We provide below answers to frequently asked questions about coronavirus and your NHS care. If you have a question that you would like to see answered, please send us an email or use the details listed in our Contact Us page.
What are the symptoms of the Covid-19 coronavirus?
ommon signs of the Covid-19 coronavirus include a new continuous cough, fever, aching body, sore throat, blocked or runny nose, shortness of breath, breathing difficulties and a loss of, or change to, your sense of smell or taste. Most symptoms for most people will be mild. In more severe cases, infection can cause pneumonia, severe acute respiratory syndrome, kidney failure and even death.
What is being done to ensure the safety of patients and staff?
Some of the measures we have introduced to protect patients and staff include:
- encouraging the use of video and phone appointments where appropriate
- testing patients before surgery or procedure
- asking patients to self-isolate for a short period before their procedure
- requiring patients to wear face coverings and staff to wear masks
- screening upon arrival for Covid-19 symptoms – this includes a temperature check and the Covid-19 symptons checklist
- safety screens at reception desks and other high-traffic contact points
- ensuring staff have the PPE they need
- floor markings or signs to help people maintain social distancing
- restricting the use of some building entrances
- new routes into some Covid-19 free services
- encouraging those who can use the stairs to leave the lifts for those who need them most
- limiting the number of people by restricting visiting
What can I do to protect myself and others?
It's very important to do what you can to reduce the risk of you and other people getting ill with coronavirus. You can spread the virus even if you do not have symptoms. There are many things that we can all do to reduce the risk of catching and passing on COVID-19, including:
- Letting fresh air in (open windows, or if possible go outside)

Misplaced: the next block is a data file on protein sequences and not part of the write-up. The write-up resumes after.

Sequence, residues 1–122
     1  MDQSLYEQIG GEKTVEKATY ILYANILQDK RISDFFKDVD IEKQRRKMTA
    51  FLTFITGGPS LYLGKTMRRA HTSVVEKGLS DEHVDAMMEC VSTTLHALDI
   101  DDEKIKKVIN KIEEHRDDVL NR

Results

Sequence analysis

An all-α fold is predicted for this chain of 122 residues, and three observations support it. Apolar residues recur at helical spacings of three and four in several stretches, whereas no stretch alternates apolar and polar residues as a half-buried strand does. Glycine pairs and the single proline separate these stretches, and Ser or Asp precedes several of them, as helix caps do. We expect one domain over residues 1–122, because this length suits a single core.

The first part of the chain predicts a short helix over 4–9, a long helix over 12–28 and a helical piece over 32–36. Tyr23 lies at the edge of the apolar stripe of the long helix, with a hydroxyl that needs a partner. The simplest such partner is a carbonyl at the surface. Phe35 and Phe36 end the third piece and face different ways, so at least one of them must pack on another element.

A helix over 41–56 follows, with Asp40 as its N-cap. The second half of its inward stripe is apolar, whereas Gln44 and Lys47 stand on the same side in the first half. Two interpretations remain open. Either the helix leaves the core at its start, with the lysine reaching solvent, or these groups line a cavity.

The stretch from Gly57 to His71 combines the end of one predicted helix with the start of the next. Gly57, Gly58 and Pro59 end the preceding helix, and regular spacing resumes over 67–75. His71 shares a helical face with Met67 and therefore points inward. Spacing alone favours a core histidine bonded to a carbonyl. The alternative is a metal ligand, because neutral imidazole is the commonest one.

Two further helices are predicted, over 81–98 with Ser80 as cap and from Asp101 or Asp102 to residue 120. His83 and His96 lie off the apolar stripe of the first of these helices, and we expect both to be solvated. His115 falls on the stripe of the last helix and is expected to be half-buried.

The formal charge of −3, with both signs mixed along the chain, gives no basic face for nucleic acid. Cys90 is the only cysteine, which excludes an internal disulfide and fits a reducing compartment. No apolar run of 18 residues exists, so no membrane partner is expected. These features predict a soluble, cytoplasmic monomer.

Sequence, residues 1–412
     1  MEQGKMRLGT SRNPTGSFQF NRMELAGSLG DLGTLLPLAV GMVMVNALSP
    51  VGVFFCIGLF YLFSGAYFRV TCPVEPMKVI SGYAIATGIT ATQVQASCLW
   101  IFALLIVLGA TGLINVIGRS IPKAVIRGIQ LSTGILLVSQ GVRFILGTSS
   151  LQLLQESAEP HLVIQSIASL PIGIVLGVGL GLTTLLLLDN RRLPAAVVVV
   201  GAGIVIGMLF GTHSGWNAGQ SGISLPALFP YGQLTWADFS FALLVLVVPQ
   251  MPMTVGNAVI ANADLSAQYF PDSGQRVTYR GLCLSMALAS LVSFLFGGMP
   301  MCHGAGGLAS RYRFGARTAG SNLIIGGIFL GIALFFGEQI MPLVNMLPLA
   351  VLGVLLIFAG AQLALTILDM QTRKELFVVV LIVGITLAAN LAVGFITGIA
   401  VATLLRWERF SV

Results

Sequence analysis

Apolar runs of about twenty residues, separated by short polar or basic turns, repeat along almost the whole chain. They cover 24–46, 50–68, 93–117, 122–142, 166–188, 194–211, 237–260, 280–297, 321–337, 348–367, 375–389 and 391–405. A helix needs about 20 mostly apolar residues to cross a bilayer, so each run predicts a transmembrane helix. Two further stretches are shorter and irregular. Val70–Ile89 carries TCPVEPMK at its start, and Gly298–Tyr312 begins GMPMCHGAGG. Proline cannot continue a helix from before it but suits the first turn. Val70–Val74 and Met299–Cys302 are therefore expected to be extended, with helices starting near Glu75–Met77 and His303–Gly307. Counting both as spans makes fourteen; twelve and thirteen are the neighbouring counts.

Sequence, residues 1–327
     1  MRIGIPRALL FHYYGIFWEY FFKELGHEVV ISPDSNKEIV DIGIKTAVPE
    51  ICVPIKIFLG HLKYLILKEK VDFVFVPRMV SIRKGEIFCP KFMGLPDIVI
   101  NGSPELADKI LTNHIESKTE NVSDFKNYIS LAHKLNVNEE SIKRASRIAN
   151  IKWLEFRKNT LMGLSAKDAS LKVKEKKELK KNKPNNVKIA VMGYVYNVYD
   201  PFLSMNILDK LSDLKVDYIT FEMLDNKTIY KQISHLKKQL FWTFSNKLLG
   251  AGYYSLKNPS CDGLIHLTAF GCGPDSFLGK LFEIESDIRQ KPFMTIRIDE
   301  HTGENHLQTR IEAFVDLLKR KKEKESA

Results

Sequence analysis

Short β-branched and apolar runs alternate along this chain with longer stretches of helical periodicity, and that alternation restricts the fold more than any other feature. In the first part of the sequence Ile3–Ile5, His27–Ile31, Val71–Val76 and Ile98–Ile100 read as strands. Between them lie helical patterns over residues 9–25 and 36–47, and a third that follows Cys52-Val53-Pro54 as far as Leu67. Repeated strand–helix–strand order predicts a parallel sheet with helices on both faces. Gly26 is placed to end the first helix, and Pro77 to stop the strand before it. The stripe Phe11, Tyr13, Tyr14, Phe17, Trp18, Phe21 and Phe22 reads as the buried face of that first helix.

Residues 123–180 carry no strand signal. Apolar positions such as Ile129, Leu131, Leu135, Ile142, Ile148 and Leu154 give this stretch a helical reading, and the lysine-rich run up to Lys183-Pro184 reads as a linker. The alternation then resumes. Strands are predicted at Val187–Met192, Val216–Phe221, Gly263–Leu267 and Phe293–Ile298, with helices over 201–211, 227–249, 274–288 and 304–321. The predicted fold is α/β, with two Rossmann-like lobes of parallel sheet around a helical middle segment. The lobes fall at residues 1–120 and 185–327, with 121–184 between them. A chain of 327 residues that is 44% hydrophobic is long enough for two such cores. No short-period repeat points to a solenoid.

- Consider wearing a face covering in crowded enclosed spaces and if you are requested to in a healthcare setting
- Stay at home if you are unwell
- Take a test if you have covid-19 symptoms (cough, sore throat, temperature etc)
- Wash your hands wash your hands with soap and water often – do this for at least 20 seconds and use hand sanitiser gel if soap and water are not available.
- Remember to wash your hands with soap and water after using the toilet, before meals and meal preparation, after coughing and sneezing
- Follow advice to Catch it, Bin it, Kill it
- Cover your mouth and nose with a tissue or your sleeve (not your hands) when you cough or sneeze. Put used tissues in the bin immediately and wash your hands afterwards
- Avoid close contact, when possible, with anyone showing symptoms of respiratory illness such as coughing and sneezing.
- do not touch your eyes, nose or mouth if your hands are not clean
What are the rules on wearing face coverings?
The evidence shows that wearing a face covering or face mask can help limit the spread of Covid-19.
From 15 June 2020, when you attend an appointment for planned and outpatient care at our sites, you will need to wear a face covering. By doing so, you're helping to reduce the risk of spreading coronavirus and keeping our staff and those who use our NHS buildings safe.
Patients are asked to wear a face covering or mask at all times when attending appointments at sites where we provide our services – this includes our clinics, our health centres and our walk-in centres.
For the face covering to be effective, please be aware that:
- the face covering should cover your nose and mouth while allowing you to breath comfortably
- you should wash your hands or use hand sanitiser before putting it on and taking it off
- when wearing the face covering, you should avoid touching your face at all times
- you should also follow other infection control safety measures, including social distancing and regular hand-washing.
For safety reasons, the following groups do not need to wear a face covering:
- young children under the age of 3
- anyone with breathing or developmental difficulties
- anyone who experiences genuine discomfort or distress while wearing a face covering
- anyone unable to remove their face covering without assistance
Where can I find advice on how to make a face covering at home?
The government has set out detailed advice for people on how to make their own face coverings easily at home, using scarves or other textile items. These face coverings should cover the mouth and nose, whilst allowing the wearer to breathe comfortably and can be as simple as a scarf or bandanna that ties behind the head to give a snug fit.
Where can I find the latest government advice on the Covid-19 coronavirus?
For the latest advice on the Covid-19 coronavirus, visit the coronavirus page on NHS.UK
Is there coronavirus advice available in different languages?
Doctors of the World, an independent humanitarian movement working in the UK and abroad, have produced translations on coronavirus advice for patients in 60 languages. The translations were produced in partnership with the British Red Cross, and can be accessed via the Doctors of the World website.
How do I make a comment about the care or treatment I have received?
We aim to provide the best possible service and our staff will be happy to answer any questions you may have. If you have any suggestions or comments about your care or treatment, please either speak to a member of staff or contact our patient advice and liaison service (PALS).